South Carolina is blessed with a geography few states can claim, and fellow Columbians know it’s not too difficult to travel from our centrally located city to the coastal, midlands, or mountain regions of the state. Consider planning a trip so that the gems of the state’s natural and cultural histories — the 47 facilities of the South Carolina State Park system – are not overlooked.
Comprising more than 80,000 acres, 30 state parks, 15 historical sites, one state resort, and one state recreational area, the park system provides travelers with various experiences, such as dipping your toes in the surf, feeling breathless from reaching the pinnacle of mountain overlooks, or being enthralled by important historical sites. South Carolina’s state parks allow visitors to explore such rich diversity. History buffs can investigate tabby structures and plantation homes, as well as hike Native American forged trails.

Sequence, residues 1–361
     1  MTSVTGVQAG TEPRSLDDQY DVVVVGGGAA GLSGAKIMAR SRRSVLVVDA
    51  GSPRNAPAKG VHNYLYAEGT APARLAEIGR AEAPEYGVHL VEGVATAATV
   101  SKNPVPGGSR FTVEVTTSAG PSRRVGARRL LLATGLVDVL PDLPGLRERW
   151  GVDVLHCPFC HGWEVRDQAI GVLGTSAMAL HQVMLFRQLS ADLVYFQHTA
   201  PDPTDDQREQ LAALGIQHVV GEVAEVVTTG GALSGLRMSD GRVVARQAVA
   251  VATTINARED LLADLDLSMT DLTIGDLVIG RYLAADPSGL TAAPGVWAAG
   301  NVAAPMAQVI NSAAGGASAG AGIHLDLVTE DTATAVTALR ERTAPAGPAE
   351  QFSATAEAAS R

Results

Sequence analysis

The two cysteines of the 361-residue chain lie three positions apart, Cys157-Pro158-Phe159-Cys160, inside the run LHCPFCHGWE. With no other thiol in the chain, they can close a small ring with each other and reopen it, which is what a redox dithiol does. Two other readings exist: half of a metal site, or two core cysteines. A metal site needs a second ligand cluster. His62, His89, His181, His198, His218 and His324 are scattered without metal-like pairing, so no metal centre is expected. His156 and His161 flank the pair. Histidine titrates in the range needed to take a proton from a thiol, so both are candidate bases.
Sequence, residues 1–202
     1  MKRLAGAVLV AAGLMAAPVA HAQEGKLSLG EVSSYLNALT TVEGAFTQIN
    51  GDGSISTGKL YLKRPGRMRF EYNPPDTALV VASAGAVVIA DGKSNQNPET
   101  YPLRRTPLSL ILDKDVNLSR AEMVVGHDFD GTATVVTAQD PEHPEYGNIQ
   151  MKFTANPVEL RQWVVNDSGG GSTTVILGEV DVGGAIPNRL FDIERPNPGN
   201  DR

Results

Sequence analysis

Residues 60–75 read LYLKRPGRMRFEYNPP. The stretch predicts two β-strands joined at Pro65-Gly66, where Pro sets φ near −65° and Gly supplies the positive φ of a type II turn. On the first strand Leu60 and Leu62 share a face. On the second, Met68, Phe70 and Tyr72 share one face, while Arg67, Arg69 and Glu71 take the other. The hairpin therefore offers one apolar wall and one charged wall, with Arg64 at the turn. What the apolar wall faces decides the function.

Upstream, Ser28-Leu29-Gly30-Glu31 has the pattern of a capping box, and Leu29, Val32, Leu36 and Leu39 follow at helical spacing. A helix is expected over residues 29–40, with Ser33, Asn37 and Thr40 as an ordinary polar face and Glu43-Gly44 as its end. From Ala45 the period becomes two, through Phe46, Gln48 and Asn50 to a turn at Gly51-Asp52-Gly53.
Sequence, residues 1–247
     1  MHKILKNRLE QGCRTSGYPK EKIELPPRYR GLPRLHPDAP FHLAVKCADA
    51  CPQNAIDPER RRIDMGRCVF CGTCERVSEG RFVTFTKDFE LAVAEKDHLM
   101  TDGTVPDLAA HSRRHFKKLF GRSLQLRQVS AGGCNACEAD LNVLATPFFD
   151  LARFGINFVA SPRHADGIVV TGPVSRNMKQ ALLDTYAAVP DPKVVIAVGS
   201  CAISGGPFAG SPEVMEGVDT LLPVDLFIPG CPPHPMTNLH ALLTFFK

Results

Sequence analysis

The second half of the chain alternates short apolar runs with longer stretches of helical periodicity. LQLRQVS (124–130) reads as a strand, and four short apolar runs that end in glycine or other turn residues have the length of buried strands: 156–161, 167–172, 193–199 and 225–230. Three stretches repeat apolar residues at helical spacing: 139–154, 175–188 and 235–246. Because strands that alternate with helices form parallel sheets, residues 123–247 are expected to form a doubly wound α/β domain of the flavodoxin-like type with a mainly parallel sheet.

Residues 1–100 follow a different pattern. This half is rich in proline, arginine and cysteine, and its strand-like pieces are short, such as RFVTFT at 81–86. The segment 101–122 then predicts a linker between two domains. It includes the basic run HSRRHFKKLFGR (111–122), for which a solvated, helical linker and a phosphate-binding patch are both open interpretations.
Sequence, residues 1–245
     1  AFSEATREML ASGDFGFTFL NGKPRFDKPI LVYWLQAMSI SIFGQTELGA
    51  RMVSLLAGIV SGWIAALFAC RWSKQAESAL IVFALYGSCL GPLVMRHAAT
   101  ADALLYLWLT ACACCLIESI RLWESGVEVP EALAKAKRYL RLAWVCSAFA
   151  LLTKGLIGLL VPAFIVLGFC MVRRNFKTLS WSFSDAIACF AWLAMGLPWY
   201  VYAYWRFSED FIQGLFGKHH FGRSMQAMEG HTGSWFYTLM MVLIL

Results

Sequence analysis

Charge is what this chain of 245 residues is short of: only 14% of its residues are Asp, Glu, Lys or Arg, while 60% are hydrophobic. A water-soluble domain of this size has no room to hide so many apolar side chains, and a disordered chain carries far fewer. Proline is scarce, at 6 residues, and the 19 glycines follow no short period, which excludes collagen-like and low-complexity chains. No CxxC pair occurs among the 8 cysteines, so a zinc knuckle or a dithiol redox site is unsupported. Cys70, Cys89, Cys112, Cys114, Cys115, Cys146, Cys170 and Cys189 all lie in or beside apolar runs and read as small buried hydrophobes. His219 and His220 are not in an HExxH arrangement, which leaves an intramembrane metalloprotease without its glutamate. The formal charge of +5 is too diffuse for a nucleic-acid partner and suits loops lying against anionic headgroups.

The South Carolina State Park Service evolved from the Civilian Conservation Corps, which was founded in 1933 as a New Deal program to put Americans back to work during the Great Depression. Numerous state parks in South Carolina started as CCC projects in an effort to develop trails, campgrounds, and structures designed to provide South Carolinians outdoor opportunities.
For those who enjoy fishing, exploring nature, camping, history, golfing, photography, and more, a South Carolina State Park will revive spirits and result in memories. More information on state parks can be found at SouthCarolinaParks.com. Plan your travels after reviewing websites to learn all that the state park system has to offer. Purchase an annual Park Passport to visit all state parks and save on admission fees. Plus, the relatively new Ultimate Outsider initiative encourages South Carolinians to order or pick up a stamp book and begin collecting a stamp each time they visit a South Carolina park; a completed book earns the stamp collector a free Ultimate Outsider T-shirt.